Sometimes your dog could be your savior but here it is money earner for its owner. When it was out on a walk along the beach with its owner, it found a whale vomit lump washed ashore and decides not to leave it unless its owner decided to collect it and take home.
The extremely rare lump of whale vomit is like a gold mine and is expected to fetch 7,000 pounds (Rs.7.2 lakh) at an auction, first of its kind and the buyers are from the perfume industry, say its auctioners.
The chunk of vomit is ambergris is in the form wax and solid like a rock. It can prolong the duration of the scent of perfume and expensive as it is rare.
Found on the beach of North Wales, the ambergris measures 8″x6″ and weighs 1.1 kg, and its age could be some decades old, announce the auctioner.
Though it is whale vomit, ambergris is produced in the intestines of sperm whales to save them from the sharp beaks of squid which they eat. It is passed out as vomit by Whales.
In the past too, the ambergris was sold to the perfumery industry at a very high premium privately as it is rarely found washed ashore. This is the first time the substance will be auctioned in open.
Chris Surfleet, senior valuer and auctioneer in London said: “Our vendor took it home, did a bit of research and suspected it was ambergris and knew it had a value, so he came to us. We are 100 per cent certain it is ambergris. A number of people with experience with ambergris have studied it who have confirmed it. It is a bit like gold in that it comes down to the price per gram. There is a lot of interest in unusual items these days.”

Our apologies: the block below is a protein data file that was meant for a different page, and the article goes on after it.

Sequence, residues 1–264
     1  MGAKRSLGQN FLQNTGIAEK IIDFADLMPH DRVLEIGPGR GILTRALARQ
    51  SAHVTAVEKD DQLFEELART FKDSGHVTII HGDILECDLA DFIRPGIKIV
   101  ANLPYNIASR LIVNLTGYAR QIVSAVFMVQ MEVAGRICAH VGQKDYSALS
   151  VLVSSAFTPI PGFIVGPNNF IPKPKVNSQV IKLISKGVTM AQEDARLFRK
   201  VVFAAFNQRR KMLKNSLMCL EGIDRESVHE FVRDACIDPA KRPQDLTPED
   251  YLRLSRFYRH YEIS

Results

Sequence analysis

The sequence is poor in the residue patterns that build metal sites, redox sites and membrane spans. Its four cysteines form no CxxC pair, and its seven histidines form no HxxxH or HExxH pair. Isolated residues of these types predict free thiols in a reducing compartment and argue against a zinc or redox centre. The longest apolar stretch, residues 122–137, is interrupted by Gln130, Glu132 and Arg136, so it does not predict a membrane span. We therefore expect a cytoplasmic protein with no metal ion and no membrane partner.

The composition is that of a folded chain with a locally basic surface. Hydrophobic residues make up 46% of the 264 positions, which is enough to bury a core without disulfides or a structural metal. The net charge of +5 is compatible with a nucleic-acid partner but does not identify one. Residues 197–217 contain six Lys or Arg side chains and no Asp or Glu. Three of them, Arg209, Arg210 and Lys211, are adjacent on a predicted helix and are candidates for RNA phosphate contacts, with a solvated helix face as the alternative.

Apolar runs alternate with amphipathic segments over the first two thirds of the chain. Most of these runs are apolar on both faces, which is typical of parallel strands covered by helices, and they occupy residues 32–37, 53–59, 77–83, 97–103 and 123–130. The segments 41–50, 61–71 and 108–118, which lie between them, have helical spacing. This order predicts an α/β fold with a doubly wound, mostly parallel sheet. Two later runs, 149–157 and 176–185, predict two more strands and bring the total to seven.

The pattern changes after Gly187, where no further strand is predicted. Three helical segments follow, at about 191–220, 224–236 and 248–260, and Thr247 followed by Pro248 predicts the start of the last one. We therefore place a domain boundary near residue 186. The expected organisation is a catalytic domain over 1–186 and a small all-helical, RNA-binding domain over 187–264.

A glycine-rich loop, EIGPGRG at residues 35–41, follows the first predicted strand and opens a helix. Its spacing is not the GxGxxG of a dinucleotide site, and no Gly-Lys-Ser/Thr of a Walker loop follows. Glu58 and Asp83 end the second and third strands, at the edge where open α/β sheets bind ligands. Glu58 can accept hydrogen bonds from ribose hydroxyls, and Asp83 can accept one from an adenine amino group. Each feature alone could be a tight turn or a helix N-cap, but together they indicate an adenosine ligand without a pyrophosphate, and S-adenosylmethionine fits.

About the legality some nations do prohibit trade in ambergris but when it is found washed ashore, the discoverer can keep it, says the auctioneer to ward off fears of authorities pounding on it.
Since this is aged ambergris, it will not have a marine, faecal odour, instead it smells sweet, earthy scent similar to the fragrance of rubbing alcohol without the vaporous chemical astringency.
Although ambergris was once highly valued by perfumers as a fixative allowing the scent to last much longer, it has been replaced by synthetics now.
Ancient Egyptians burned ambergris as incense, while it is used in cigarettes to give scent to the tobacco smaoke. In ancient China, it was called “dragon’s spittle fragrance”.
When plague was causng horrendous Black Death in Europe, people believed that carrying a ball of ambergris could help prevent them from getting the plague as its smell overwhelmed the smell of the air caused by deaths of plague.
Ambergris has also been used as a food flavouring agent and as an aphrodisiac in some cultures. It was used in Europe during the medieval times as medicine for headaches, colds, epilepsy, and other ailments.